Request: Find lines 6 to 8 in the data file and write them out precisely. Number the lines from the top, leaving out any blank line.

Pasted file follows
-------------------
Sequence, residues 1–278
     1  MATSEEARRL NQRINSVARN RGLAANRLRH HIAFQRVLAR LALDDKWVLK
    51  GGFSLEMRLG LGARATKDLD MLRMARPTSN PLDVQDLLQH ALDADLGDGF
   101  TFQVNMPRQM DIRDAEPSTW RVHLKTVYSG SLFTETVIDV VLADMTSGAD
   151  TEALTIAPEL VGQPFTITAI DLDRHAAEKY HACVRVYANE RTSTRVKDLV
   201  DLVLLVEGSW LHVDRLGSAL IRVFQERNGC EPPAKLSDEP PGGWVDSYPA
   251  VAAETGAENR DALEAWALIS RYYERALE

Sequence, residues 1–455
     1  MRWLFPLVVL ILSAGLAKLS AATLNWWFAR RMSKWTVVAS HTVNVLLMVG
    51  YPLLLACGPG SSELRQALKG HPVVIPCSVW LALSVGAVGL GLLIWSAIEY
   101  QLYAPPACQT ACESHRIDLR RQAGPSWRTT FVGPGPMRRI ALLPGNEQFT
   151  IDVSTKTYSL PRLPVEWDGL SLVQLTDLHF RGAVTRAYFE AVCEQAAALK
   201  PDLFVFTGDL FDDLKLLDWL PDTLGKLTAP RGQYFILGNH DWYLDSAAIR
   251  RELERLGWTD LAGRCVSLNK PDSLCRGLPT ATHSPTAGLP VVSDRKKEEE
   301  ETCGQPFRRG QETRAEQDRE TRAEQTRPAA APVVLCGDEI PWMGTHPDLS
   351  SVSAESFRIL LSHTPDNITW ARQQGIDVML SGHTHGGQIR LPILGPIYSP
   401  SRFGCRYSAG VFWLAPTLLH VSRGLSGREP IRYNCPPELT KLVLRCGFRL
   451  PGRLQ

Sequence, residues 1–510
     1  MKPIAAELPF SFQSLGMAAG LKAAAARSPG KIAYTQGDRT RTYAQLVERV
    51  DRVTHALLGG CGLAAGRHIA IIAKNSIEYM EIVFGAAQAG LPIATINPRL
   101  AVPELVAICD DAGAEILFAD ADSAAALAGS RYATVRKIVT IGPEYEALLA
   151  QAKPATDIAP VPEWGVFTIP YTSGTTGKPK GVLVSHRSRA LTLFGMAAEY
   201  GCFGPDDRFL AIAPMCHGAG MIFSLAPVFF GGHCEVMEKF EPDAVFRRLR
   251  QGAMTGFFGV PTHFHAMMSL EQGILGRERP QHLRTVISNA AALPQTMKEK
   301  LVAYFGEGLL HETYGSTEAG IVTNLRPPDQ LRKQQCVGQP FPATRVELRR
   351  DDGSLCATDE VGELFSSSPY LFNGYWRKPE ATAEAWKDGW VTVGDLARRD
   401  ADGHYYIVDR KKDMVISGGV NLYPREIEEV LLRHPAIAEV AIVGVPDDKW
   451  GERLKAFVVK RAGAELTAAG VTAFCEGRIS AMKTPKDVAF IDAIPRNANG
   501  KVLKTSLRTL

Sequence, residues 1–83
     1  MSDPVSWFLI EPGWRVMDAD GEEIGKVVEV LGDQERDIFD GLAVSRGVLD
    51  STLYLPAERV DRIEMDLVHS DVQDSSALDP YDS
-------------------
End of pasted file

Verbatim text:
   201  DLVLLVEGSW LHVDRLGSAL IRVFQERNGC EPPAKLSDEP PGGWVDSYPA
   251  VAAETGAENR DALEAWALIS RYYERALE

Sequence, residues 1–455